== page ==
Why play tight-aggressive...?

OK, we're gonna give this a shot... By "this," I mean writing a meaningful, helpful, poker strategy related post. That being said, I came across a few people at the local pub (horrible play is present all around, thank god I had my surgical mask on, as I fear this "disease" known as piss poor poker play could be contagious)...

Anyways, these people were questioning me as to why I play the way I do. Specifically, they were questioning why I don't see more flops (like everyone else who plays there), and one person in particular questioned first whether or not I "could" lay down A-10s like I claimed I had, and second why I would lay down a hand such as A10s preflop. So, basically, these people were questioning why play tight aggressive poker. I'll attempt to explain why I choose to play tight aggressive poker and answer if and why I would lay down a hand such as A10s preflop.

Working definitions

For the purposes of this article, some of the terms and concepts we will discuss will specifically mean what you see below, unless stated otherwise:

aggressive: (n) Pertaining to a style of play characterized by much betting, raising, and reraising. This is not the same as loose play. Some of the best players are very selective about the cards they play, but when they do get into a pot, play those cards aggressively.

donk/donkey: (n) A very loose player, usually implying one who loses regularly, makes poor decisions (i.e. - I think I am behind, but I will call your allin - flips over pocket twos into a board that is AKQ all suited while playing under the gun and calling a large raise from a tight aggressive player who is known for playing top ten hands and rarely bluffs).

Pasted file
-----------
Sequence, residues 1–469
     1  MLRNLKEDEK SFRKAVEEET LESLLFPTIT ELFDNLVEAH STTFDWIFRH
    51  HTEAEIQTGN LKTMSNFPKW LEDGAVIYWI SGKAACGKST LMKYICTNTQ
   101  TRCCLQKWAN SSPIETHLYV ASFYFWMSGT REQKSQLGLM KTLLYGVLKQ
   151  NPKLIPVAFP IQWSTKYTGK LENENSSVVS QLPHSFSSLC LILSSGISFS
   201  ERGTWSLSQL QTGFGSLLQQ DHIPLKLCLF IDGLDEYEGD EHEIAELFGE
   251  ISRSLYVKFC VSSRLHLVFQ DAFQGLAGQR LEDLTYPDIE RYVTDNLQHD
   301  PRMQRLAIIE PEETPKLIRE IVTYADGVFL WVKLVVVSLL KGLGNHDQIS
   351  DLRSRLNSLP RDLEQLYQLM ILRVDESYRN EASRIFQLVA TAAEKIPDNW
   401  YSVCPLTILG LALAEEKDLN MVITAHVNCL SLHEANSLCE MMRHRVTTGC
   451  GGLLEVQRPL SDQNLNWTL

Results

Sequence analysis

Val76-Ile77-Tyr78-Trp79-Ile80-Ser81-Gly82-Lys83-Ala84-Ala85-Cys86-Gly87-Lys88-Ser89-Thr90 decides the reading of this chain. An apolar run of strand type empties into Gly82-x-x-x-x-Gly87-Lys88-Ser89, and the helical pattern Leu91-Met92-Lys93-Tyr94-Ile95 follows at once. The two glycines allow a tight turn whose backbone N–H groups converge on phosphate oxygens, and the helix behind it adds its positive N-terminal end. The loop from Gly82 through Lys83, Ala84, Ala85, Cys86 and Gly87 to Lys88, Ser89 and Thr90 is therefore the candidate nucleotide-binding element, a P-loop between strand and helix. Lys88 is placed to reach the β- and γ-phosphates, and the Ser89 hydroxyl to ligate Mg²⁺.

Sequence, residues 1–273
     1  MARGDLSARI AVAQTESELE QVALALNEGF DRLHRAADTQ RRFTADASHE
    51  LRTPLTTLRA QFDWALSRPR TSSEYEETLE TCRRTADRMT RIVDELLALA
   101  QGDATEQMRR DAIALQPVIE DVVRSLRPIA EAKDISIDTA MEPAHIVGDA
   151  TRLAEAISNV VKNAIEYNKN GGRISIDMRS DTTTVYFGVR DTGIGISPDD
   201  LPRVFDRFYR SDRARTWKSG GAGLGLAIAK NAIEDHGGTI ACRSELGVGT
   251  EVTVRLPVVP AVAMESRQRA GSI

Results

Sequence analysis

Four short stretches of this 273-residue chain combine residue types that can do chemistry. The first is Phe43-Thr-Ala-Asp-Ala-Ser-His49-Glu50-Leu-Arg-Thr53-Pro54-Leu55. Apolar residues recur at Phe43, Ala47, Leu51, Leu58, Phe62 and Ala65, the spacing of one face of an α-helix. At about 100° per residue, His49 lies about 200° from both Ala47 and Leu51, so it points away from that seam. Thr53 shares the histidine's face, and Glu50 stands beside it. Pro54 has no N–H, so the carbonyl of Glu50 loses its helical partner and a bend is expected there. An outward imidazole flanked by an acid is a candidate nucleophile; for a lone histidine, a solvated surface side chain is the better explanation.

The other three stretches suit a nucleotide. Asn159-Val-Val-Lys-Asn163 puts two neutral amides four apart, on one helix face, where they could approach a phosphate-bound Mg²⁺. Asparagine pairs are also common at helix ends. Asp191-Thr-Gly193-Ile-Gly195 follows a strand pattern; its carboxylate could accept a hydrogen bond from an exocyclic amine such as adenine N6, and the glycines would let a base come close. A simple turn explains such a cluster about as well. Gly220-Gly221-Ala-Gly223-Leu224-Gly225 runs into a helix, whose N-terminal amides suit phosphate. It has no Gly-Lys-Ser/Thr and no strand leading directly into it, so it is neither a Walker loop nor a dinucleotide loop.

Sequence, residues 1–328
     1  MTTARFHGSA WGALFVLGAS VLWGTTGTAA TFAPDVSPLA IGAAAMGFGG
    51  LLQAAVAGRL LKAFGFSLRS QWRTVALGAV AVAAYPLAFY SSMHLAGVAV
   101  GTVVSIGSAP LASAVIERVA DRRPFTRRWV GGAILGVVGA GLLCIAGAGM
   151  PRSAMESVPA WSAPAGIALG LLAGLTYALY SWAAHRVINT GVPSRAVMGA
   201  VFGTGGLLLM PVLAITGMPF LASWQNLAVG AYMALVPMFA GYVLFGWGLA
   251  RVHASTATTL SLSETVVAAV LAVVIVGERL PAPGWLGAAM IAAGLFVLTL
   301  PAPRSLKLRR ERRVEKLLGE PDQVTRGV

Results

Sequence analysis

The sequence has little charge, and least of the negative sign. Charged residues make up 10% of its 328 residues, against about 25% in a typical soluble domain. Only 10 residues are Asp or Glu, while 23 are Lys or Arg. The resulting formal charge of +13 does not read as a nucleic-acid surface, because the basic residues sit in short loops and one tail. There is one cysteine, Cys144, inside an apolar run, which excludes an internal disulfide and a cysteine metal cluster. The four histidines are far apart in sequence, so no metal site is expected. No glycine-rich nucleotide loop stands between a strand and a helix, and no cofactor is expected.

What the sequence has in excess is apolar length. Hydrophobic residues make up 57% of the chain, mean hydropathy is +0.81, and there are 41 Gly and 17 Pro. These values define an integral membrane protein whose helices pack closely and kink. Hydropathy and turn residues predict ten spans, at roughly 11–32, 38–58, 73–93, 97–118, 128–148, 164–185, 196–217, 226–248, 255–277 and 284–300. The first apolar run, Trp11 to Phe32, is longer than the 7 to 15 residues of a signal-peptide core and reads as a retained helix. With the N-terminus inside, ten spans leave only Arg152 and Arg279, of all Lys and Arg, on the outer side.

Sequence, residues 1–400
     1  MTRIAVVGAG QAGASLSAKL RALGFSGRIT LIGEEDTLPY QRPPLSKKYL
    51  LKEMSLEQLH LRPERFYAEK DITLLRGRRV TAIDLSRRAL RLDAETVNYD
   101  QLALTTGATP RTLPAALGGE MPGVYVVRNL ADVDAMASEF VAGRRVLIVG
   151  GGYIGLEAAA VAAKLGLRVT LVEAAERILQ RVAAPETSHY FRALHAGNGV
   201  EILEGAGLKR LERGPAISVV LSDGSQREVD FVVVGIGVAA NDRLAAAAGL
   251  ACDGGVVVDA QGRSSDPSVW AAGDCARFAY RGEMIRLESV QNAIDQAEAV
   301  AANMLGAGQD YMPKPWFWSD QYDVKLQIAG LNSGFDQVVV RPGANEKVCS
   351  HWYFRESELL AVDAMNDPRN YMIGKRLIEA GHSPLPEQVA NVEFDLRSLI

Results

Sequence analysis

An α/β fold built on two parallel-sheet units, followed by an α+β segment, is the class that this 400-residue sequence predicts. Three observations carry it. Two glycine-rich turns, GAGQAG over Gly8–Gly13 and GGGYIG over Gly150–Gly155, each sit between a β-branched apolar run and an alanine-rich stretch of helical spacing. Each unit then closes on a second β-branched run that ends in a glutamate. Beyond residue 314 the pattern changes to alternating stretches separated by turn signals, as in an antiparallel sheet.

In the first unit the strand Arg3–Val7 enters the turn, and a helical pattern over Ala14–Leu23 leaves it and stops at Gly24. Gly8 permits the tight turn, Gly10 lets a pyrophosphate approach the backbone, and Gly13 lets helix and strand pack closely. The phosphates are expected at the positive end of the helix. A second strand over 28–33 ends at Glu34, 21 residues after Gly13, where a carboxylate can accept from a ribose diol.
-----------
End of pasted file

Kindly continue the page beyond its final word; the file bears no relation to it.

loose: (adj, adv) Playing liberally; not tight. In hold 'em, playing almost any two-card starting combination, and playing through to the river on almost anything that has a prayer of winning. Lacking standards (see also donk).

position: (n) 1. Where a player sits in relation to the others at the table. 2. Where a player sits in relation to the dealer, or, sometimes, in relation to the blinds. Position 1 is generally the position to the left of the big blind, that is, position 1 is three positions to the left of the dealer. 3. Where a player sits in relation to a particular player. Sitting to someone's left is generally termed good position, and to his right bad position. 4. Good position with respect to the other players at the table. "You can open with a worse hand when you've got position." 5. Sitting in good position with respect to a particular player, usually sitting one or two seats to the player's left. "I had position on the live one all night, but I never held any hands."

SuperDonk: (proper noun) The Beer Guy's friend Kyle.

tight: (adj, adv) having stringent playing requirements.

tight player: (n phrase) One who plays tight, that is, bets only when holding a strong hand.

Terms mostly "borrowed" from Mike Caro's poker dictionary, either in whole or in part.

My style of play

As we all know, I play quite a tight aggressive style. I play tight because I have standards. I have standards in life, standards in friends, who I date, who I surround myself with, where I go, what I do... and I damn sure have standards when I play cards. You'll never hear me say (and truely mean) "I'm down for pretty much anything..." Usually I have a pretty good idea of the universe of things I'd be "down" for doing, and they don't include ridiculous off the wall things such as jumping off a cliff, robbing a bank, "hogging"etc. I have standards. Despite having served long ago in the Navy, I'm not an "any port in a storm" type of guy. I respect my position on the table, can't imagine just playing any two cards, and will rarely if ever show down a garbage hand. When I am in a pot, unless in the unraised BB, you can pretty much expect that if you're given insight to what my holding is, you'll see a hand that makes sense, has positive expected value (read: a winner long term, one that I will win with more than I will lose with), and one that is played in "position" (very high standards the earlier I act).